Lockheed Martin[LMT] said on Dec. 2 that it completed its fifth space-based infrared system (SBIRS) Geosynchronous Earth Orbit (SBIRS GEO-5) on Oct. 29 and that the satellite is ready for launch next year.

Last month, the company also said that it has completed a preliminary design review (PDR) on the follow-on to SBIRS–the next-generation overhead persistent infrared (OPIR) Block O GEO satellites (Defense Daily, Nov. 10). A critical design review is scheduled for next September.

Tom McCormick, Lockheed Martin’s vice president for OPIR systems, said in a Dec. 2 statement that SBIRS’ infrared sensors provide “critical” information on global ballistic missile threats and that last year “SBIRS detected nearly one thousand missile launches, which is about a two-fold increase in two years.”

Northrop Grumman [NOC] is the payload integrator for the SBIRS satellites.

“Factory production and testing is complete and SBIRS GEO-5 is awaiting final preparations for shipment,” Cordell DeLaPena Jr., program executive officer for the U.S. Space Force’s Space and Missile Systems Center (SMC) Production Corps, wrote in an email from USSF Space Operations Command (SpOC) public affairs. “Once shipped to Cape Canaveral Air Force Station next year, SBIRS GEO-5 will undergo final launch processing to support a currently scheduled May 2021 launch.”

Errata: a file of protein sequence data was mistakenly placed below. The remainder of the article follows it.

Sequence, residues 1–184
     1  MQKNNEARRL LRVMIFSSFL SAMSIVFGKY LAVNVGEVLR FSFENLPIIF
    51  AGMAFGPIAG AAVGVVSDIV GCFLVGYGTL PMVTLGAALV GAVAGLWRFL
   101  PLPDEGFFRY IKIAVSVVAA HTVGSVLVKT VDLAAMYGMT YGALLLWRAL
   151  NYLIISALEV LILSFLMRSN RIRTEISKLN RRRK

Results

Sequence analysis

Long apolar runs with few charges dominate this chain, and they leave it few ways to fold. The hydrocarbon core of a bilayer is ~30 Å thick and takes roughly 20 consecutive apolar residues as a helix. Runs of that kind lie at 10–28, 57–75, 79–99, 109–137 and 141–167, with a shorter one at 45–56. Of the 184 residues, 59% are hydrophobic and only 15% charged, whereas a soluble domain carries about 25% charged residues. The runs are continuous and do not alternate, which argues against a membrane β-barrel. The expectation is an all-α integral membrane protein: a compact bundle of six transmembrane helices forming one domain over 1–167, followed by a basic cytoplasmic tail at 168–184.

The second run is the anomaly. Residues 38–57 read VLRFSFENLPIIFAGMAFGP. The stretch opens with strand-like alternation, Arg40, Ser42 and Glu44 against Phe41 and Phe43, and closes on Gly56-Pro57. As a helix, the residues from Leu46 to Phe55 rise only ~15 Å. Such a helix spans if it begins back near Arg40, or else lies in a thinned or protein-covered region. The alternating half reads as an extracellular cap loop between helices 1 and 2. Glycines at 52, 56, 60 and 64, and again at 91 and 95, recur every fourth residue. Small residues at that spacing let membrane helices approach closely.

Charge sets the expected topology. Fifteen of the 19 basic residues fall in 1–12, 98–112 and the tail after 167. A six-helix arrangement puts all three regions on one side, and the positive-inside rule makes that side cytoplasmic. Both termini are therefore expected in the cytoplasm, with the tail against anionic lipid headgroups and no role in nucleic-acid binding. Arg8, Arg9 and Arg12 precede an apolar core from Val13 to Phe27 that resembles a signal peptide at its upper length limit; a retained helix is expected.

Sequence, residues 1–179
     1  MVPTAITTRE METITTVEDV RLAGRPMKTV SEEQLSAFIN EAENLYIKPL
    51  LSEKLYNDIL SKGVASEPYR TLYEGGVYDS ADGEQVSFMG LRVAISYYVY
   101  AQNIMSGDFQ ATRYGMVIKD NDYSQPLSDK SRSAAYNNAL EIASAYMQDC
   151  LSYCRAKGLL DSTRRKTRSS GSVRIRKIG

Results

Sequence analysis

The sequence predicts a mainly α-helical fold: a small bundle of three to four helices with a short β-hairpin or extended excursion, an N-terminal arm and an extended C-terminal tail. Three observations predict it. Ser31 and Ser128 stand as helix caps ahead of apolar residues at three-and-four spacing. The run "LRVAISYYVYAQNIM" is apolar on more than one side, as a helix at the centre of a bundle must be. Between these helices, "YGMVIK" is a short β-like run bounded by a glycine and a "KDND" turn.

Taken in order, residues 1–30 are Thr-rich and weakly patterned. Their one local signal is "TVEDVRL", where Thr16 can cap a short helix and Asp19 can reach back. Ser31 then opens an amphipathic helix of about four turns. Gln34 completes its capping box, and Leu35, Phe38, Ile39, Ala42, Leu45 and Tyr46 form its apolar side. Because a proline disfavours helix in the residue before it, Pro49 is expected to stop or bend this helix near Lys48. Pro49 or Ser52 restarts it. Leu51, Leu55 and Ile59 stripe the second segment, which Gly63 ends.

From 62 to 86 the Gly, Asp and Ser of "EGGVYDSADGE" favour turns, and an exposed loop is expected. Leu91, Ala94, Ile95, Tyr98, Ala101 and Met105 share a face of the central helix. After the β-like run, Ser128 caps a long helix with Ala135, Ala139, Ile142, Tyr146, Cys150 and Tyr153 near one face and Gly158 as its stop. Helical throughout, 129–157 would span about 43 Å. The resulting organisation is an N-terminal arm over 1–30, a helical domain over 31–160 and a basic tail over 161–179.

Col. Richard Bourquin, the commander of Space Delta 4, said in the SpOC email that SBIRS GEO-5 “will enhance Space Delta 4’s already robust ability to provide strategic and theater missile warning to the United States and our international partners.”

“Specifically, GEO-5’s improved system resilience and processing speed will enable our space operators to expedite the detection and reporting of current and future missile threats,” per the email. “The new satellite will also advance Space Delta 4’s other key mission areas by increasing our capability to gather valuable technical intelligence and provide timely situational awareness across the battlespace.”

SBIRS GEO-5 will be the first military satellite with the LM 2100 bus, which is to feature modern electronics, improved resiliency, and a reprogrammable onboard mission processor to permit satellite re-configuration on orbit in response to mission needs.

“We added even further enhanced resiliency features to the LM 2100 to create an initial ‘combat bus’ for the Space Force,” McCormick said. “SBIRS GEO-5 has proven itself a valuable incremental step toward achieving the resilient missile warning that will be provided by the Next-Gen OPIR Block 0 system.”

The LM 2100 bus is the baseline for SBIRS GEO-5, GEO-6, Next Gen OPIR Block 0 GEO satellites and the GPS III Follow On (GPS IIIF) birds, which are to launch starting in 2026.

While the pandemic has brought delays to many military programs, Lockheed Martin said in June that it expected SBIRS GEO-5 to launch next year, followed by SBIRS GEO-6 in 2022, and the first Next-Gen OPIR Block 0 in 2025.

In 2018, Lockheed Martin selected Raytheon [RTN] and a Northrop Grumman [NOC]-Ball Aerospace [BLL] team to compete to provide the mission payload for Next-Gen OPIR (Defense Daily, Oct. 4, 2018).